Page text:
John Chrysostom: On the Priesthood 1.1

I realized awhile ago that I am not a philologist. I do, however, enjoy learning languages and I need to spend more time doing them. So I’ve devised this scheme to help my Greek. I’m going to translate St. John Chrysostom’s De Sacerdotio (On the Priesthood) and then post my “translation” here on my blog. You will see how bad I am at Greek and Notre Dame may rescind their offer and take back my MA. Posting my failures on the internet is not something I’m inclined to do, but I figure this will help me get better at Greek and maybe I’ll become more humble (sainthood, here I come!).

Without further ado, section 1.1 of Chrysostom’s “On the Priesthood”:

Greek Text:

Ἐμοὶ πολλοὶ μὲν ἐγένοντο φίλοι γνήσιοί τε καὶ  ἀληθεῖς, καὶ τοὺς τῆς φιλίας νόμους καὶ εἰδότες καὶ φυλάττοντες  ἀκριβῶς· εἷς δέ τις τουτωνὶ τῶν πολλῶν, ἅπαντας αὐτοὺς ὑπερβαλλόμενος τῇ πρὸς ἡμᾶς φιλίᾳ, τοσοῦτον ἐφιλονείκησεν ἀφεῖναι κατόπιν ἐκείνους ὅσον ἐκεῖνοι τοὺς ἁπλῶς πρὸς ἡμᾶς διακειμένους. Οὗτος τῶν τὸν ἅπαντά μοι χρόνον παρηκολουθηκότων ἦν· καὶ γὰρ μαθημάτων ἡψάμεθα τῶν αὐτῶν καὶ διδασκάλοις ἐχρησάμεθα τοῖς αὐτοῖς, ἦν δὲ ἡμῖν καὶ προθυμία καὶ σπουδὴ περὶ τοὺς λόγους οὓς ἐπονούμεθα μία, ἐπιθυμία τε ἴση καὶ ἐκ τῶν αὐτῶν τικτομένη πραγμάτων· οὐ γὰρ ὅτε εἰς διδασκάλους μόνον ἐφοιτῶμεν,  ἀλλὰ καὶ ἡνίκα ἐκεῖθεν ἐξελθόντας βουλεύεσθαι ἐχρῆν ὁποίαν ἑλέσθαι τοῦ βίου βέλτιον ἡμῖν ὁδόν, καὶ ἐνταῦθα ὁμογνωμονοῦντες ἐφαινόμεθα. Καὶ ἕτερα δὲ πρὸς τούτοις ἡμῖν τὴν ὁμόνοιαν ταύτην ἐφύλαττεν ἀρραγῆ καὶ βεβαίαν· οὔτε γὰρ ἐπὶ πατρίδος μεγέθει μᾶλλον ἕτερος ἑτέρου φρονεῖν εἶχεν, οὔτε ἐμοὶ μὲν πλοῦτος ὑπέρογκος ἦν, ἐκεῖνος δὲ ἐσχάτῃ συνέζη πενίᾳ, ἀλλὰ καὶ τὸ τῆς οὐσίας μέτρον τὸ τῆς προαιρέσεως ἰσοστάσιον ἐμιμεῖτο καὶ γένος δὲ ἡμῖν ὁμότιμον ἦν καὶ πάντα τῇ γνώμῃ συνέτρεχεν.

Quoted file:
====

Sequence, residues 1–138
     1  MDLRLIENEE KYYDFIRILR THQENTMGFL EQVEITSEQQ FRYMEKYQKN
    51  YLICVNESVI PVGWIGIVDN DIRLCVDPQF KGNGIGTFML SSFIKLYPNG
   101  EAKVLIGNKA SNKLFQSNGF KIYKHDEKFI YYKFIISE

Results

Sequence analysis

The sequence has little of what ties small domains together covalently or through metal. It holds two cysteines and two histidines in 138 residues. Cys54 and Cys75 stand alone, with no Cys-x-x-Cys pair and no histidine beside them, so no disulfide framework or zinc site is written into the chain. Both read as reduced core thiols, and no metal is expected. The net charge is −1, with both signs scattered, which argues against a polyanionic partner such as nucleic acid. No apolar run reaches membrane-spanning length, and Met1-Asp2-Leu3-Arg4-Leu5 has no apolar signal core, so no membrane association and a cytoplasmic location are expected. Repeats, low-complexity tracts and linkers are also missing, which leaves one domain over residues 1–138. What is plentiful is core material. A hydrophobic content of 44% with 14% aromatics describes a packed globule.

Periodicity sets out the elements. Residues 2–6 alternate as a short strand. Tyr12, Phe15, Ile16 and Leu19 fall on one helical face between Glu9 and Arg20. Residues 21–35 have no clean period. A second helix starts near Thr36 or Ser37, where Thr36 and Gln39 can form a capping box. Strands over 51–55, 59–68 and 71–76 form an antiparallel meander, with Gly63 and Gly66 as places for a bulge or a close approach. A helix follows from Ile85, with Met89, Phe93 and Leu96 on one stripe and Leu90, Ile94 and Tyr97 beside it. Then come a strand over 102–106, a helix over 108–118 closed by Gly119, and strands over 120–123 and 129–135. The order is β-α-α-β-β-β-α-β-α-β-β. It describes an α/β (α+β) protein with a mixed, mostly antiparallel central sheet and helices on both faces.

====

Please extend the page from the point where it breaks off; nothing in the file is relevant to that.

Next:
My translation:

I had many true and genuine friends , those who knew the laws of friendship and strictly cherished them.  There was one from among the many who exceeded all the rest in their friendship with us, he was eager to pass by those who were absolutely disposed toward us.  Out of those who were keeping company with me, he was with me all the time.  We availed ourselves of the same lessons and we consulted the same teachers. There was for us a singular eagerness and desire for those studies at which we both worked, and an equal desire was born out of those affairs.  For not only when we were resorting to our teachers, but also thereafter when we left, when it was necessary to deliberate what manner of life seemed better for us to choose, then we showed ourselves to be in agreement.  And there were other things which kept safe for us this unbroken and firm concord.  With respect to the greatness of the fatherland, neither of us had reason to believe one greater than another, nor did I have excessive riches and he excessive poverty, but the proportion of our nature represented the equality of our choices, even our kin were of the same rank and everything agreed with our dispositions.

Some issues I had with this:

ἀφεῖναι (Aor Act Inf ἀφίημι) means something like “let go” or “discharge.” There’s a meaning of “pass by”, but it means to neglect, not as I’m using it here. It was the closest thing that made sense to me. Any suggestions?

οὔτε γὰρ ἐπὶ πατρίδος μεγέθει μᾶλλον ἕτερος ἑτέρου φρονεῖν εἶχεν (With respect to the greatness of the fatherland, neither of us had reason to believe one greater than another) – I feel like I’ve got the sense of this, but maybe I’m way off.

So there’s the first installment in this little humility project. I’ll post 1.2 soon. My goal is to post one of these a week, if not more. If I slack off and don’t hold to this schedule, yell at me in the comments or something.


Second installment.

Third installment. 


Filed under Patristics

3 responses to “John Chrysostom: On the Priesthood 1.1

  1. I’m looking forward to following this series! Your puzzles are puzzling to me too. On the second, it might be something like, “Neither could take pride in the greatness of the city more than the other.” I saw φρονέω + ἐπι could mean something like “take pride in,” or “be conceited about,” but that still leaves me unsure what the sentence means.

    At any rate, bonne chance! I look forward to reading more.

  2. Joshua McManaway


    Thanks for the comment and your suggestion. I like that use of φρονέω, but it’s still sort of puzzling what he means. And I was inspired to do this after our talk the other night, so thanks for that!

  3. Pingback: Around the Blogosphere (07.20.2012) | Near Emmaus

Leave a Reply

Fill in your details below or click an icon to log in: Logo

You are commenting using your account. Log Out /  Change )

Google photo

You are commenting using your Google account. Log Out /  Change )

Twitter picture

You are commenting using your Twitter account. Log Out /  Change )

Facebook photo

You are commenting using your Facebook account. Log Out /  Change )

Connecting to %s